More economic frontliners can get vaccinated against the coronavirus disease (COVID1-19) after health authorities endorsed the continued use of the AstraZeneca vaccines in the country, according to Presidential Adviser for Entrepreneurship Joey Concepcion.
Concepcion lauded the decision of the Food And Drug Administration (FDA) to allow people below 60 years old to take the AstraZeneca vaccines, saying this was good news for the private sector and the local government units.
AstraZeneca is the brand of vaccine that was procured by many private companies for distribution to their employees and other frontline workers. The initial batch of vaccine supply is expected to arrive in the first week of June.
The same vaccine brand has been purchased by several local government units (LGUs).
“This is good news for us, the private sector and the LGUs, who ordered a total of 17 million doses of the AstraZeneca vaccines. We are glad that the FDA changed its position and allowed the Astrazeneca vaccine to be used by individuals 18 years old and above,” Concepcion said in a statement Monday, April 19.
“This decision is vital for us because the majority of the economic frontliners both from the LGU and the private sector are within the formerly restricted age, below 60. It definitely has a significant impact for most of us, especially for our economy—having to allow the working population to be vaccinated,” he added.
Last week, the FDA recommended to temporarily halt the use of the AstraZeneca vaccines for persons below 60 as a precaution to ensure public safety after reported blood clots in some vaccinated persons abroad. The decision was adopted by the Department of Health (DOH).
A few days later, FDA Director General Eric Domingo reconsidered the decision, and, instead, recommended the continued rollout of the AstraZeneca vaccines following a review by health experts. Domingo maintained that the benefits of using AstraZeneca vaccines outweighed the potential risk.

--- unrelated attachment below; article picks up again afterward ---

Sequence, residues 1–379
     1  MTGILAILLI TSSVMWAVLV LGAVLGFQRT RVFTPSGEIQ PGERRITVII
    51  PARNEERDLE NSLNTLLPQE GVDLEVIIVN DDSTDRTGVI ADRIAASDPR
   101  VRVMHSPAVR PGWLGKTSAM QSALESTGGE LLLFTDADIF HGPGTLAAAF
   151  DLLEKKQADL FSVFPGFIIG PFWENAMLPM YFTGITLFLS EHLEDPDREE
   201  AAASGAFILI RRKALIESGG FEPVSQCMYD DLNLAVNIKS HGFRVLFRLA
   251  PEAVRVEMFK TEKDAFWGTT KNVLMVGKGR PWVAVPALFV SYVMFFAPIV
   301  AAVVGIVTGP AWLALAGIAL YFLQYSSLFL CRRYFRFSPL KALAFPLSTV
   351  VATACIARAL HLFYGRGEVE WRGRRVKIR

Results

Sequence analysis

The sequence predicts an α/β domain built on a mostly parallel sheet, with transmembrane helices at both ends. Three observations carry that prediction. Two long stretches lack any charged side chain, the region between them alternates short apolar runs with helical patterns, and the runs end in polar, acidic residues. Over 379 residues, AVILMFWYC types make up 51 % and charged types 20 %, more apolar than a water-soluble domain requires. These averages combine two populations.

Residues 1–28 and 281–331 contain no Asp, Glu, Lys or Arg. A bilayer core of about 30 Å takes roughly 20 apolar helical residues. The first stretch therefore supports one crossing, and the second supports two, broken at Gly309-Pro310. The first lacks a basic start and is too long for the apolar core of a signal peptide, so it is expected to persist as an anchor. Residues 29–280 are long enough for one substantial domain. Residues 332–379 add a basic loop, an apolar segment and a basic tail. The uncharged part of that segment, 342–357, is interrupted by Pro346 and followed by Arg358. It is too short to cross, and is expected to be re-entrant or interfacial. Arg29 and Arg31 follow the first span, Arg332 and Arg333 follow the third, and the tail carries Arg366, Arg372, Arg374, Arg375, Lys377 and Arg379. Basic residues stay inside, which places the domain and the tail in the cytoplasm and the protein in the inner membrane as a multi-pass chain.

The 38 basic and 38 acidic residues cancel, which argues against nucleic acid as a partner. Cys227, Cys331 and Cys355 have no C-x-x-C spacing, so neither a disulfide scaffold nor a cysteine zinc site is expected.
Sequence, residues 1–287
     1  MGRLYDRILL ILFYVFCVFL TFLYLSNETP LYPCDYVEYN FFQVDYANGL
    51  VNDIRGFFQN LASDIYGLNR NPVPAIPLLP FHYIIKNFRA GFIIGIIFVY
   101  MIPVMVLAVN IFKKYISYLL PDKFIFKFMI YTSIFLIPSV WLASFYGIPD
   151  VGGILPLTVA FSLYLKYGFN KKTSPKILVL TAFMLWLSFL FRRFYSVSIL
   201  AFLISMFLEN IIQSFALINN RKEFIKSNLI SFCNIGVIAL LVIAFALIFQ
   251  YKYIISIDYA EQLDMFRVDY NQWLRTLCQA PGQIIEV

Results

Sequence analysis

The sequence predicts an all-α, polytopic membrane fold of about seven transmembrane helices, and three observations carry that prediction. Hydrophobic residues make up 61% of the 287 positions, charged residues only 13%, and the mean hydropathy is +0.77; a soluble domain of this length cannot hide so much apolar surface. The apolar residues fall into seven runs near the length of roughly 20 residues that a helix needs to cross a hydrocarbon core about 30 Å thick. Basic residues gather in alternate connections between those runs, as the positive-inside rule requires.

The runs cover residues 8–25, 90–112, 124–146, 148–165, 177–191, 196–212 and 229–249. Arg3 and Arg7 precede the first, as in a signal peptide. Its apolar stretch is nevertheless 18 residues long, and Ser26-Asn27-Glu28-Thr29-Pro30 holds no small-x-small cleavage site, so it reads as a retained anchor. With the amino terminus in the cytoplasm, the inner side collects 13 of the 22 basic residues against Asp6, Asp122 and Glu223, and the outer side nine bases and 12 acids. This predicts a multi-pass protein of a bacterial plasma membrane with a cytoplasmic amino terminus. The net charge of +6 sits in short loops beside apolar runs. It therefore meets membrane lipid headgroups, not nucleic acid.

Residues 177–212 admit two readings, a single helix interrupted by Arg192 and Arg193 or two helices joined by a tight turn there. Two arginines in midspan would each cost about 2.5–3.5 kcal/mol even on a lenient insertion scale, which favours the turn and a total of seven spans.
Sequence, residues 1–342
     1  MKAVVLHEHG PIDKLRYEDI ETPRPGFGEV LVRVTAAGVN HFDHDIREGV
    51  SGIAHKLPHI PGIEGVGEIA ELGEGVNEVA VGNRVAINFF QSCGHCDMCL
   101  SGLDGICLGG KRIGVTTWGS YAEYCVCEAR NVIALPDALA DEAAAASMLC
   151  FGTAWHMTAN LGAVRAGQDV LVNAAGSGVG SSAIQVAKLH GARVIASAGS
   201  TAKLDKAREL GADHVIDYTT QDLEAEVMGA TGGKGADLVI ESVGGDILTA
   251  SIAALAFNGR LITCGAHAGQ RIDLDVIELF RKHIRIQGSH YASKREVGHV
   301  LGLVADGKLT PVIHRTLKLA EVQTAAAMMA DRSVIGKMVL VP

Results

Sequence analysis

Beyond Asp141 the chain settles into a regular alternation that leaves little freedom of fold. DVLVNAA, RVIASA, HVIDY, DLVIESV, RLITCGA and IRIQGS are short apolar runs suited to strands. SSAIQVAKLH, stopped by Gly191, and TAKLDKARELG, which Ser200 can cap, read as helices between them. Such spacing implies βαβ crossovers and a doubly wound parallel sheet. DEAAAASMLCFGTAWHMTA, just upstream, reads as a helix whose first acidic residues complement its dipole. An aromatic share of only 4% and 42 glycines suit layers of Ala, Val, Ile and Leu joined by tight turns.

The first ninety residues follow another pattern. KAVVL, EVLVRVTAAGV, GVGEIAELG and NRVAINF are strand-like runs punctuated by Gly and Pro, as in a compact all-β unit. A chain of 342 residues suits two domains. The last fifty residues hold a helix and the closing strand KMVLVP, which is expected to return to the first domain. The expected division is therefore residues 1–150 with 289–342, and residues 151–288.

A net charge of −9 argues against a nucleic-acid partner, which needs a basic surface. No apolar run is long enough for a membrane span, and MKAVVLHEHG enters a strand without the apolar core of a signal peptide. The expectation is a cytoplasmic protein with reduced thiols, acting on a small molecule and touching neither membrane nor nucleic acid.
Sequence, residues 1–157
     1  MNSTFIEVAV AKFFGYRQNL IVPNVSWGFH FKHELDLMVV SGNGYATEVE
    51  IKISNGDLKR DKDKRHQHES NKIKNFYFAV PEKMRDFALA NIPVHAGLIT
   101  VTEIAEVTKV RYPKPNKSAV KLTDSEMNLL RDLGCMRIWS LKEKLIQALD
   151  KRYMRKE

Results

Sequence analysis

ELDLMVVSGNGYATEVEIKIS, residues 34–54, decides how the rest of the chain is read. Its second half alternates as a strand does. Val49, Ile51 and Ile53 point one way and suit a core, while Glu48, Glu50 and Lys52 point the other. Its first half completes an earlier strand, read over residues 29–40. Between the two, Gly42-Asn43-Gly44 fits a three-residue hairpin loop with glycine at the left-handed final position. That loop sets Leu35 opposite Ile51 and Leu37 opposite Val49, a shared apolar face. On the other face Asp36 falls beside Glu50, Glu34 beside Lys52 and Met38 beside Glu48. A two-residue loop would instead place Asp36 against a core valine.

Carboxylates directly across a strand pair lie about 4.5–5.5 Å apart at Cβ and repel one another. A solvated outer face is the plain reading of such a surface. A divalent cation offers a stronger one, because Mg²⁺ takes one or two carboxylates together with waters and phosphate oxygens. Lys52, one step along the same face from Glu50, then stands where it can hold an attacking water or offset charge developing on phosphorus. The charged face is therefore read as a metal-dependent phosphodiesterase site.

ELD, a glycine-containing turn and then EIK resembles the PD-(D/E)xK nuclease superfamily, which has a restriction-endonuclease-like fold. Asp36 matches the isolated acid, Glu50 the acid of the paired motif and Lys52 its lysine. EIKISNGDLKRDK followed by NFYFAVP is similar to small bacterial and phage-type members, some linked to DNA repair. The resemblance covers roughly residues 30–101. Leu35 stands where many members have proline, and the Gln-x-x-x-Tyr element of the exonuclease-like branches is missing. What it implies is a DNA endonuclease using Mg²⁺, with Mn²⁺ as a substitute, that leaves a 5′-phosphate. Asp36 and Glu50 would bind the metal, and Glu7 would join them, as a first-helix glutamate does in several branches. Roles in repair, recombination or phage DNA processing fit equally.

DOH said the use of AstraZeneca vaccines will resume after a two-week evaluation of the preventive drug.
Concepcion thanked health authorities for reconsidering their position on the use of AstraZeneca.
“We need every help that we can get to combat this pandemic and I thank the FDA and the DOH for clarifying the confusion on this matter,” he said.
With the vaccine supplies expected to arrive this coming June, Concepcion, founder of Go Negosyo, said preparation for the private sector-led vaccination program was now “in full swing.”
He said an agreement has been signed with Zuellig Pharma Corporation to serve as the official storage and distribution partner in different locations nationwide. The private sector, he said, will pay for the administration fee for the vaccines, including those donated to the government for frontliners.
“Now, what we need is the help from our Filipino people. We need them to be vaccinated for their loved ones, community, workplace, and for our country. We need every qualified Filipino to be vaccinated as it is the only way that we can attain herd immunity,” he said.
“By attaining this, we could further open our economy, and make lives and livelihood prosper in the process,” he added.
Concepcion leads the “A Dose of Hope” initiative that produced millions of vaccine shots for the workforce to boost their protection from the coronavirus and hasten economic recovery.
As coronavirus cases continued to increase, the government launched its free inoculation program last month, starting with health workers, seniors, and those with comorbidities. The next priority beneficiaries will be the essential workers, including transport workers, vendors, and overseas Filipino workers.
The government aims to inoculate 70 million adults to attain herd immunity this year.